Individual therapy. Child sexual abuse treatment for younger children centers around expressive therapies: art, music, dolls, puppets, dance, and play therapy. These are also helpful for older, even adolescent children who are with drawn into depression or hostility. Traumatized children who are unable to verbalize their abuse experience respond well to the arts. These active, expressive therapies provide an effective forum for the communication and resolution of the abuse.

Art therapy includes several mediums, such as drawing, painting, paste and paper, finger painting, and collage. The visual image enables victims to ex press and communicate what they are not able to express verbally. With art therapy, children can change and alter the circumstances of the abuse, learn safety measures, and practice those measures. For example, by using a puppet they can learn to say "No, I don't want to. I am going to tell my mom now."

Treating children abused by ministers

When a child is abused by a clergy-person or Christian counselor, the significance of that person's role in the life of the child contributes a great deal to his or her harm. As a result, the fol lowing treatment issues become critical in the healing process.

Feelings of ambivalence toward the offender. Help the child resolve these feelings by accepting the necessary experience of a range of feelings and encouraging the child to express the full range. It is also important to help the child differentiate between genuine love and physical touch.

Struggles with the image of God. The child often has feelings of uncertainty toward God and may raise difficult questions. The counselor needs to distinguish the evil behavior and the offender's refusal to do God's will from God's grace. The child needs to understand that Christ suffered and can help heal. Gently affirm God's care, but give the child lots of room to work through the pain of felt abandonment and betrayal.

Fear and anxiety. Children will need assurance of protection from reprisal by offender, parents, siblings, church members, and others. They will need help to express fears and to sort out realistic fears from unrealistic ones.

Guilt and low self-esteem. Help the child vent feelings of guilt and encourage the child to receive God's unconditional love. Frequently rein force the message that the child did not cause the abuse, nor is the child responsible for the chaos that follows disclosure. Identify and affirm the child's good qualities.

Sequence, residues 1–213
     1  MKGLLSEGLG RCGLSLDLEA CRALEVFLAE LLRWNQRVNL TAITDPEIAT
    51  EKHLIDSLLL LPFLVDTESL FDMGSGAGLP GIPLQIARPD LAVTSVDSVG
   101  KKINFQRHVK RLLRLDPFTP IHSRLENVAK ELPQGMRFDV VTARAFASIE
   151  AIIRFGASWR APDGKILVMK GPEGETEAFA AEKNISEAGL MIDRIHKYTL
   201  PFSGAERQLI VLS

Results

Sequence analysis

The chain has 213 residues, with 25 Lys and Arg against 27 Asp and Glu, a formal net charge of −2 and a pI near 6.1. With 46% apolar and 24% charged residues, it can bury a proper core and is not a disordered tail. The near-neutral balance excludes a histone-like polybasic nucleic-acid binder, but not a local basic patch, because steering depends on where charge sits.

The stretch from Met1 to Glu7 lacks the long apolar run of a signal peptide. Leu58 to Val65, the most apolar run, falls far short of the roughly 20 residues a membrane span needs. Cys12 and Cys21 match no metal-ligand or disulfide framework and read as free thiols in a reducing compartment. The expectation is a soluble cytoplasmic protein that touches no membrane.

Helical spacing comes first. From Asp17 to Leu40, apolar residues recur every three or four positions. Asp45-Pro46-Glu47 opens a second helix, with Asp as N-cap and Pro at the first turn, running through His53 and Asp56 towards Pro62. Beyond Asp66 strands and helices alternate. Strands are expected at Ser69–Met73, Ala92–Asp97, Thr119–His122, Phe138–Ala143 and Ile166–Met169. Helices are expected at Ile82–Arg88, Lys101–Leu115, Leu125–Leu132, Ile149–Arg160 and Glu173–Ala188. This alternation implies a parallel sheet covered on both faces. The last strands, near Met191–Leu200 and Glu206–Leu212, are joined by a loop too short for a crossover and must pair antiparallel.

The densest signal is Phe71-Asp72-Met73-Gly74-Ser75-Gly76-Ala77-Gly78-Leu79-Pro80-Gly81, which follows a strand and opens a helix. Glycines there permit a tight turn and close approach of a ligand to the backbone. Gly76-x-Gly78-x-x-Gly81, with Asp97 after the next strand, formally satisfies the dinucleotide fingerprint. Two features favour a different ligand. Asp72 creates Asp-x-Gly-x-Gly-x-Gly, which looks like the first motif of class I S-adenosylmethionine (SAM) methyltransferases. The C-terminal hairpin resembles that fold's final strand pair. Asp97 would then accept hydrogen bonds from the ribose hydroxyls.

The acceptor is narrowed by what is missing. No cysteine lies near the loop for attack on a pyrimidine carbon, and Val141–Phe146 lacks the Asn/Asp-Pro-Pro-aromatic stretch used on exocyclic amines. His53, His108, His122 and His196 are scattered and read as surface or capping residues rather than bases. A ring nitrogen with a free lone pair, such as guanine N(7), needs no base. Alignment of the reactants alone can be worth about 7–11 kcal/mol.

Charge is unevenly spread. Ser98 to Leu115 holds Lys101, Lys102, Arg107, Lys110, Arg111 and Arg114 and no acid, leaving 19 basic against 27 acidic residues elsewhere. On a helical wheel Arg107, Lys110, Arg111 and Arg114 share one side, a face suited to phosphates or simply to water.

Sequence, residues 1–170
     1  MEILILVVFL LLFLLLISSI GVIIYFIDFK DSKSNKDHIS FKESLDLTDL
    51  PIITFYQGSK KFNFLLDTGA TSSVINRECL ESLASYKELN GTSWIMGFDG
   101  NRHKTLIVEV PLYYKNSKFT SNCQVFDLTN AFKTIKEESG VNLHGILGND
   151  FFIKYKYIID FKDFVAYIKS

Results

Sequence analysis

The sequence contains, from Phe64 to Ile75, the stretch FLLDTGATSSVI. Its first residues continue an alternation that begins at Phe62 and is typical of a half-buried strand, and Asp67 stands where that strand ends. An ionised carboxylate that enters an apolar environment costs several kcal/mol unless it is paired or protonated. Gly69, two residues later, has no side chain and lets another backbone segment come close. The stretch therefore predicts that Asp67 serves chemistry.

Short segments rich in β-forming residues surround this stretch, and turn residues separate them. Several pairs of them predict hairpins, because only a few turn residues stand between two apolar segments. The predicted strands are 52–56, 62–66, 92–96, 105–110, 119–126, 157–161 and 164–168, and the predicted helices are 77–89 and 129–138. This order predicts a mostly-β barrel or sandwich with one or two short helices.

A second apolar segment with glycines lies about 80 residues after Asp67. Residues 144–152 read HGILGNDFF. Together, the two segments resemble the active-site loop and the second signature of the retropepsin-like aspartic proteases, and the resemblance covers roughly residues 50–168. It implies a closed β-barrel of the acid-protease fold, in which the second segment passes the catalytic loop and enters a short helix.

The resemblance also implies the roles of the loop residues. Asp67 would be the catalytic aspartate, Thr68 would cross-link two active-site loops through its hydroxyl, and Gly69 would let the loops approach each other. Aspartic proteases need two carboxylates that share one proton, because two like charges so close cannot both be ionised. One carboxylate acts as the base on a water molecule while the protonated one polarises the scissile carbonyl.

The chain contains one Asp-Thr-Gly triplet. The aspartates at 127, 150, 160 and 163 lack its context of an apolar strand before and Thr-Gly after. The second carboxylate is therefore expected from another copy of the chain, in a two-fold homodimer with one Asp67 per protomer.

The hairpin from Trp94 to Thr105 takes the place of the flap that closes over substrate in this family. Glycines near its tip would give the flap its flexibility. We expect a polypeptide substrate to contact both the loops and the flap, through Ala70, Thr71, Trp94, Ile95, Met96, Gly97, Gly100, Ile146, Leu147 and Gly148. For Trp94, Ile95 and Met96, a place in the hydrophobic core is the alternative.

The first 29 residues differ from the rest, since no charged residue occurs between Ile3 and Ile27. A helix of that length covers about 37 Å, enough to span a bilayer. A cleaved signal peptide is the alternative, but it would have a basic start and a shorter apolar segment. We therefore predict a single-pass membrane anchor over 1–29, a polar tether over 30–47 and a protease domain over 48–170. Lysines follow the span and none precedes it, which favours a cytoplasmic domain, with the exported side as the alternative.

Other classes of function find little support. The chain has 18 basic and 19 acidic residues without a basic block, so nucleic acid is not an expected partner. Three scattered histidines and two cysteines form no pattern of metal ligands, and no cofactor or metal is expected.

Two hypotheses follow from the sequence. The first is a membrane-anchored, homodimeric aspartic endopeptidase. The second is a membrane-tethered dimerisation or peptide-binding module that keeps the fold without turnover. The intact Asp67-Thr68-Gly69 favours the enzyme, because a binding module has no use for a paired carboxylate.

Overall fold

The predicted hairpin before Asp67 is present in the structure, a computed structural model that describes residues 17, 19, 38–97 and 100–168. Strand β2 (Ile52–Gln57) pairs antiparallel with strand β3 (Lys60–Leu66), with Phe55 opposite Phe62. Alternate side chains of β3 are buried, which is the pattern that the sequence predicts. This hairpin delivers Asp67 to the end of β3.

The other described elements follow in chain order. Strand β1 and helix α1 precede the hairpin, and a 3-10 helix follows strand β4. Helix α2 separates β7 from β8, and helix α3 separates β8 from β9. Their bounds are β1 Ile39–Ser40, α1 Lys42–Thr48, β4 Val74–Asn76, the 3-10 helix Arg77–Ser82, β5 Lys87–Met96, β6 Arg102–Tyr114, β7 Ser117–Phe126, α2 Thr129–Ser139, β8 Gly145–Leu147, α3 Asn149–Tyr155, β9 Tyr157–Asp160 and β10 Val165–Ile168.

Trust and role confusion. Acknowledge the real harm that occurs when an important person betrays a child. Give the child lots of room to learn to trust you as another person in authority—but do not push the child to rely on your good qualities. Be careful to respect boundaries such as touch. Respect the child's wishes.

Anger and depression. Often children are outwardly depressed and inwardly hostile. They feel powerless because of the type of harm and may tend toward self-destructive or suicidal behavior. Gently lead the child to re lease pent-up feelings of anger and aim to support them unconditionally. Group therapy may be a good place to model constructive anger release.

Difficulty in talking about the abuse. If the child lacks language skills to talk clearly about the abuse, the counselor can show alterative ways to express feelings and thoughts. Encourage the child to talk openly and to break the pattern of keeping secrets enforced by the offender.

Preoccupation with sexual issues. Because of evil violations, the sexual innocence of children is lost. They are prematurely conditioned by sexual feelings and often become preoccupied with sex in inappropriate ways. Educate the child regarding sexual feelings and inappropriate sexual behavior and relating. This is done by modeling, dis cussing, and allowing for open sharing about sexual matters without ever crossing inappropriate boundaries.

Conclusion

One of the harshest judgments against sin is Jesus' declaration against those who harm children: "And who ever welcomes a little child like this in my name welcomes me. But if anyone causes one of these little ones who believe in me to sin, it would be better for him to have a large millstone hung around his neck and to be drowned in the depths of the sea" (Matt. 18:5, 6, NIV). One can scarcely imagine the horrific end of those who will face God one day with lives blackened with this unrepentant evil.

Naturally, the best thing would be for men and women to heed the warning and avoid harming children. When this does not happen, counselors must be prepared to help the little ones afflicted with harm. The wise counselor will be at least adequately prepared to treat children who are victims of sexual abuse and will continue to learn the most efficacious ways to provide that treatment.

Adapted from a chapter in the book Sexual
Misconduct in Counseling and Ministry, by Peter
Mosgofian, M.A., and George Ohlschlager,
M.S. W., J.D. Copyright 1995 by Word, Inc.,
Dallas, Texas. All rights reserved. Used by
permission.

1 See Roland Summit, "The Child Abuse
commodation Syndrome," International Journal
of Child Abuse and Neglect 1 (1983): 177-193.

2 But, as Grant Martin so cogently states,
"children do He." See his Critical Problems in
Children and Youth (Dallas: Word, 1992), p. 107.

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Carol Carrell, M.A., M.F.C.C., licensed in California as a marriage, family, and child counselor, is the associate clinical director of the Redwood Family Institute in Eureka, California.